Dormant memories about the Partition came alive when I was writing. Not only of the chanting of the mobs, but the stories I heard as I was growing up; the hush-hush whispers about what happened to so-and-so's mother, daughter, brother etc. which I couldn't understand as a child but which I was able to decode as an adult. I saw a lot of fires and the plight of refugees, and the people who took refuge in our house and whom my parents helped. The scene where a handsome murdered man tumbles out of a gunny-sack made me realize, even as a child, the futility of the wasted life. I didn't realize till the film (Deepa Mehta's Earth, based on The Ice-Candy Man) was being made, and they couldn't fit the masseur (the Muslim masseur loves the ayah, much to the chagrin of the Ice-Candy man) into the sack, that the man's legs must have been dismembered. These terrible memories lie dormant most of the time but surface whenever I hear of communal trouble - or during the rampages such as occurred in Bosnia and Kosovo or wherever there is wanton killing, looting and raping.

In The Ice-Candy Man you look at the Partition through the eyes of a child. Is it because it gives you an objective perspective? And does it take cue from your own life? You were home-schooled because you were afflicted with polio, so is Lenny, the child narrator in the novel.

I made a few false starts with the novel and suddenly the first paragraph came to me with its distinct voice and child's perspective and I knew instinctively it was right. Yes, I did feel a child's perspective could be more objective, particularly a Parsee child's. Inhabiting the child's persona made me realize also the clarity of an innocent child's take on events - she has not yet learnt adult prejudice; the hate and contempt that exists between people of different faiths. Witnessing evil through the eyes of innocence makes it all the more chilling.

Talking of the book, why did you change the name The Ice- Candy Man to Cracking India for the American edition. Any specific reason?

My American publisher felt that the book would disappear through all kinds of cracks unless the title said something about the book. At least people who were interested in India would buy Cracking India. While The Ice-Candy Man could be mistaken for a book about drugs.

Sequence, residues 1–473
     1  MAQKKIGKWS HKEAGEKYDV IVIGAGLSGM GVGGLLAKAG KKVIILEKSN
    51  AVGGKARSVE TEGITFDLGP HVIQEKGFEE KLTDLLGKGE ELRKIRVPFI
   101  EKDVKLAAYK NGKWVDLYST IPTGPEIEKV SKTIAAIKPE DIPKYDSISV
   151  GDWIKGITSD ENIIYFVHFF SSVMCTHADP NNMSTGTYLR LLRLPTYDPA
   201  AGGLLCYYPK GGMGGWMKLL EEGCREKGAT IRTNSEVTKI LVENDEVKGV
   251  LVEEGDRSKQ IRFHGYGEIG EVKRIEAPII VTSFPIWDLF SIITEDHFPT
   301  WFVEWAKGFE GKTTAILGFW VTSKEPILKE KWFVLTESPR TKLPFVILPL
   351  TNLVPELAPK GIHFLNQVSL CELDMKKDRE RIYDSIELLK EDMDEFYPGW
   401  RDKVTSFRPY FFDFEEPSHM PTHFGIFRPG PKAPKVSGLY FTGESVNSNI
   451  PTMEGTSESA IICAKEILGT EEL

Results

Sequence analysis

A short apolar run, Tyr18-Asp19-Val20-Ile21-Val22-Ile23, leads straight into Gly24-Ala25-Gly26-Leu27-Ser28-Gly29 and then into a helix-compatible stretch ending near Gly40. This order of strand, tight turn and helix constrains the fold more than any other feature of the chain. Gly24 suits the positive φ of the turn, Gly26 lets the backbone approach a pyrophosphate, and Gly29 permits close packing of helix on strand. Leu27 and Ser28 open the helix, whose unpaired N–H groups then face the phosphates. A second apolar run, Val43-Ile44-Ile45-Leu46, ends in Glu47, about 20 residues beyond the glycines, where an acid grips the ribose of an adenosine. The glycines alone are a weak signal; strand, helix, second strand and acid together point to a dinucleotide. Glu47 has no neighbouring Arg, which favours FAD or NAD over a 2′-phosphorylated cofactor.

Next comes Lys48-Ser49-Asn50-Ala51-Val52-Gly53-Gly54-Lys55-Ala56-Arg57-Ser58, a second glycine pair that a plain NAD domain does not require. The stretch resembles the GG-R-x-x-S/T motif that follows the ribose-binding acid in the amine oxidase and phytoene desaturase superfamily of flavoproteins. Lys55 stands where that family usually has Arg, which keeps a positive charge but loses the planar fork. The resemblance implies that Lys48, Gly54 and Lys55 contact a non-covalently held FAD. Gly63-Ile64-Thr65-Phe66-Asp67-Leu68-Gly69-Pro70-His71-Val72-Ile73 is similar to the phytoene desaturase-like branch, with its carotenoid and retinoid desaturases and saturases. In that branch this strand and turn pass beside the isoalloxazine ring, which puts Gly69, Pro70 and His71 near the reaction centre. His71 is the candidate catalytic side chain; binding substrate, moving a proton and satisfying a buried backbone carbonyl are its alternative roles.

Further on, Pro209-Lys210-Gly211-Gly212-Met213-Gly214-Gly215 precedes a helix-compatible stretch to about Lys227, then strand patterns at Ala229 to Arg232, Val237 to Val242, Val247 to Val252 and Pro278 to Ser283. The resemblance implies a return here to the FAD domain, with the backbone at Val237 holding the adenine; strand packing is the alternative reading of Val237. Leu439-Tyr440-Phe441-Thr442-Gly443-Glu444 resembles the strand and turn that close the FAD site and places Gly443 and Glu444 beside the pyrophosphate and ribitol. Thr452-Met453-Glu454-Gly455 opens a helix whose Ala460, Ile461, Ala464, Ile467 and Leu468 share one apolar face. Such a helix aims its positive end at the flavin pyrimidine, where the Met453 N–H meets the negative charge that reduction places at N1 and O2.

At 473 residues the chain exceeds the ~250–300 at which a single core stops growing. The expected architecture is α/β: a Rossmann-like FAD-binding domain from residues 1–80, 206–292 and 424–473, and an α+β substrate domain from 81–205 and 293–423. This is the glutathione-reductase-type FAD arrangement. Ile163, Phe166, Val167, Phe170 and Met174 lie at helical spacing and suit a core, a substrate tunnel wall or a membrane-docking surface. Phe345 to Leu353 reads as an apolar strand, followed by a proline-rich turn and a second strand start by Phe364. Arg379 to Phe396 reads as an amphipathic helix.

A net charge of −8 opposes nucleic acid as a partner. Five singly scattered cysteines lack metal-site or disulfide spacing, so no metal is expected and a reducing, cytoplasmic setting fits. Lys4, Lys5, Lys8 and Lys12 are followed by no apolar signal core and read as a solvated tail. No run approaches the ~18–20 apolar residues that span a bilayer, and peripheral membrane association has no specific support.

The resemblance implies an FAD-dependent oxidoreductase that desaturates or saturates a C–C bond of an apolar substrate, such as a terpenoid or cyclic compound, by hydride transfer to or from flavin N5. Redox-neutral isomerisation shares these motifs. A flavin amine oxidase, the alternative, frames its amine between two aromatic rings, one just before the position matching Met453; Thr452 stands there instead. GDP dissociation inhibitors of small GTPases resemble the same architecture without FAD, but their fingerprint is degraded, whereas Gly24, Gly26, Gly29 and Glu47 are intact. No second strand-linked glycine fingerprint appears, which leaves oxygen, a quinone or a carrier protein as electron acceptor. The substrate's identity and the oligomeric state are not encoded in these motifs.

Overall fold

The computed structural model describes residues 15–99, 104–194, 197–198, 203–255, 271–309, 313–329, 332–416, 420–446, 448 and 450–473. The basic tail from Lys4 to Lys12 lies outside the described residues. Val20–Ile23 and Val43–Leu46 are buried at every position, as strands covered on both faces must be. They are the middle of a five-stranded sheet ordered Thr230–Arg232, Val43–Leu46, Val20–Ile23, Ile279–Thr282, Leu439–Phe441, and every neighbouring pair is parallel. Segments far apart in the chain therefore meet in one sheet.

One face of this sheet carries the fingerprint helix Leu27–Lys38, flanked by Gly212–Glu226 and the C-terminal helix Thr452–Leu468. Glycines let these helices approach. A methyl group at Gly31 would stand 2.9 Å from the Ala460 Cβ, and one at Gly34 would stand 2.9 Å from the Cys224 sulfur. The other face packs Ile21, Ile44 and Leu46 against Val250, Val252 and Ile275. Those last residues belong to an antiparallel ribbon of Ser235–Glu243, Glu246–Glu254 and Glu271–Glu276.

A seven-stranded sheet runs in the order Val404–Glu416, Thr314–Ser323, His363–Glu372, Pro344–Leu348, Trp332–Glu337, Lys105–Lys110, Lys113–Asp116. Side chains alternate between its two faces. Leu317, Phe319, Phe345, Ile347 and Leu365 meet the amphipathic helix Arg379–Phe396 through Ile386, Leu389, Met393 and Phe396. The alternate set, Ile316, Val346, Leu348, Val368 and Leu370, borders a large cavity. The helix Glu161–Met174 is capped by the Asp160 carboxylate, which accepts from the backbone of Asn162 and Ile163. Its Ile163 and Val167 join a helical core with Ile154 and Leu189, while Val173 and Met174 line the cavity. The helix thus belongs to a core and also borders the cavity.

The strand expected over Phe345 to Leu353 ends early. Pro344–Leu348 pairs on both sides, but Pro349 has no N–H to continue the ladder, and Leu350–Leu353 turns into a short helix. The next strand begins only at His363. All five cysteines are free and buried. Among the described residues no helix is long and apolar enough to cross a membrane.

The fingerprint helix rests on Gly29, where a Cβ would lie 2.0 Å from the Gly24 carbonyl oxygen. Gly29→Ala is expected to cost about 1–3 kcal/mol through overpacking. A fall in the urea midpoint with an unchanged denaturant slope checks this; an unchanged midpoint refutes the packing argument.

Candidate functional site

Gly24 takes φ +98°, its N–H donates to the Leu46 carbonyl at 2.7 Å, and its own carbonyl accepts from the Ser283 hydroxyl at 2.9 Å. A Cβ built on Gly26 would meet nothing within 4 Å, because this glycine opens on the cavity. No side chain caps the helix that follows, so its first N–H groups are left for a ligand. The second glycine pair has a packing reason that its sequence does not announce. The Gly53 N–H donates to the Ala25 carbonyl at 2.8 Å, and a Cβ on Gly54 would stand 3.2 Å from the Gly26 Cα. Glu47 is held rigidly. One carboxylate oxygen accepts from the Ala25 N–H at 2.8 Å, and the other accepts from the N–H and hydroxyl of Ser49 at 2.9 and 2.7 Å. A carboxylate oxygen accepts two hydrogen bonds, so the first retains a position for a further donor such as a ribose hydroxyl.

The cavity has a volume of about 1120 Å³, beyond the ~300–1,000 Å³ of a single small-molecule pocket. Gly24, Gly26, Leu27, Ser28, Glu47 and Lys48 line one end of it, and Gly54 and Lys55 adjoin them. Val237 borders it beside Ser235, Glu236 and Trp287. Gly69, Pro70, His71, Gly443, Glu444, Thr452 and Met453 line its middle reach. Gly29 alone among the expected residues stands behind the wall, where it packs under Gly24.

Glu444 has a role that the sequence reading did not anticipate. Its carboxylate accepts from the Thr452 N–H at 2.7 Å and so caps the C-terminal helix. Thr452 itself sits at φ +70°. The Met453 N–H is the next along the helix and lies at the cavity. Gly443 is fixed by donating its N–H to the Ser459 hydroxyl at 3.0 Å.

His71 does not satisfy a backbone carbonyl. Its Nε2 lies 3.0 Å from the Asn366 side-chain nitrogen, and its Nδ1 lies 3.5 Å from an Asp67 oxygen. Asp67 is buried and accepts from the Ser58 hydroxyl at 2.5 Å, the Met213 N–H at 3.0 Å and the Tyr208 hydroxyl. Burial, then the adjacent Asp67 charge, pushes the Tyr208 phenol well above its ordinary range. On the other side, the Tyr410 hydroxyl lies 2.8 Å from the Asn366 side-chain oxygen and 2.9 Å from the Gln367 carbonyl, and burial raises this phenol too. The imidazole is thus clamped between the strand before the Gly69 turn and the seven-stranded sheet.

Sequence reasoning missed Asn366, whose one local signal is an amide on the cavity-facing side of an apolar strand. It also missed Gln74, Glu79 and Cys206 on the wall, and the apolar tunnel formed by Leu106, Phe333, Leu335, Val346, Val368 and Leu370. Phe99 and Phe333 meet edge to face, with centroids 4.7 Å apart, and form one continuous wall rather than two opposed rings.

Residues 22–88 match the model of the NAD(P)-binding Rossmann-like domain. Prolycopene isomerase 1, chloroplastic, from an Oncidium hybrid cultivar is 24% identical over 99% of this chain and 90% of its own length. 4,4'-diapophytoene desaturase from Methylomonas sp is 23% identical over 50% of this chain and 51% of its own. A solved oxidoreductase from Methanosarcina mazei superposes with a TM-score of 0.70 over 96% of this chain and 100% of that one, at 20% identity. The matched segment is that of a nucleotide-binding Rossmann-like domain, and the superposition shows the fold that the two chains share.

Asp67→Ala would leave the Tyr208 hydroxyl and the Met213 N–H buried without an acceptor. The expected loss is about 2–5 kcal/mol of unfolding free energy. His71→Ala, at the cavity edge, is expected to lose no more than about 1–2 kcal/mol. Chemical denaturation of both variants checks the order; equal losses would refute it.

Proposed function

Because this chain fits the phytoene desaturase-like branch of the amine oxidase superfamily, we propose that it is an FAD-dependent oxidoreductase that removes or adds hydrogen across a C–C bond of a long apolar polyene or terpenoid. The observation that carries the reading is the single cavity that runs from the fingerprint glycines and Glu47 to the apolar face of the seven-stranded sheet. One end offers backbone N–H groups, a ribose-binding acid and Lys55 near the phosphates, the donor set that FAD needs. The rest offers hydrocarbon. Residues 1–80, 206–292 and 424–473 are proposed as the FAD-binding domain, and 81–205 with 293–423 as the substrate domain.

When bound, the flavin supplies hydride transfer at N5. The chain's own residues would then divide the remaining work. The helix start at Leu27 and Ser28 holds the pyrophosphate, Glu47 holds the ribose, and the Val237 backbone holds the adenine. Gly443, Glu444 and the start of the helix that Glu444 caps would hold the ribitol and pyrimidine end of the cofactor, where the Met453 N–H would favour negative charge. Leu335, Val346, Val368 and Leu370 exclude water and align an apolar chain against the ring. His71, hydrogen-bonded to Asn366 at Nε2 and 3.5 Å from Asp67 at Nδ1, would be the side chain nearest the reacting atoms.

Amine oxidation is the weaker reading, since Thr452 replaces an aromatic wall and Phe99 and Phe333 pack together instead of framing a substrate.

The theme of the book vacillates between identity, love and power - sexual and political power. What is the most important?

Gosh! That's for you to figure out I think. I wasn't conscious of any of these aspects as I wrote; I guess they are all intertwined. Politics and power go together, and sex plays a larger role in our lives than most people from the subcontinent care to acknowledge. Love can be pure and supportive, as between Godmother and Lenny or it can take a cruel and manipulative aspect as demonstrated by the Ice-Candy Man.

Your most recent novel, An American Brat changes the scenario completely. The story hops from Lahore in Pakistan to various cities across America. You explore the life of a young girl who moves to America, falls in love with a Jewish man. The novel elaborates on the issues of diaspora and questions of cultural identity and racial difference. This change in locale also compelled some critics to say that An American Brat is the least uncharacteristic of all your novels. Do you think so?

An American Brat is a descendant of The Crow Eaters . I'm surprised critics don't see the connection. But the styles in all my novels are very different. Of course the change in the cultural and geographical locale to America does change the way the material and the way it is handled.

Just before you wrote this novel you yourself moved to the U.S. and acquired an American citizenship. Is America a more comfortable canvas to work on?

The American canvas cannot be mine the way it belongs to someone born and brought up in America. I am much more at ease writing stories about the subcontinent, or about desis in America. It is harder for me to create American characters, and to that extent writing An American Brat took a lot of courage.

You have described yourself as 'Punjabi-Pakistani-Parsee'. Has any one of these identities shaped you as a writer more?

All three identities are present in each of my novels and inform each sentence I write. I should include Indian too, because I would have been a different writer had I not spent eight years in Bombay [now Mumbai] and become an Indian. All these cultures and landscapes have influenced my material and me as a person and as a writer.

You have recently contributed to the book To Mend The World: Women Writing About 9/l1. What is the essay about?

It is a 15 page essay called A Selective Memory for History and focuses mainly on the relationship between America and Afghanistan. It reminds Americans of the role of the Mujahideen in defeating the Soviet Empire and how, their purpose served, the Americans walked away from a ruined Afghanistan.

What are you working on right now?

I am working on a play, which has gone through various incarnations, and which will be produced in London by a small theater company in Spring, 2003. I have contributed an article for a book To Mend The World: Women Writing About 9/l1 Edited by Marjorie Agosin (a Chilean activist and poet teaching at Wellesly) and Betty Jean Craig. In fact I seem to end up writing a lot of essays and articles for books and newspapers. God alone knows when I will get back to completing my collection of short stories. I'm also working with Deepa Mehta on the film script of The Crow Eaters.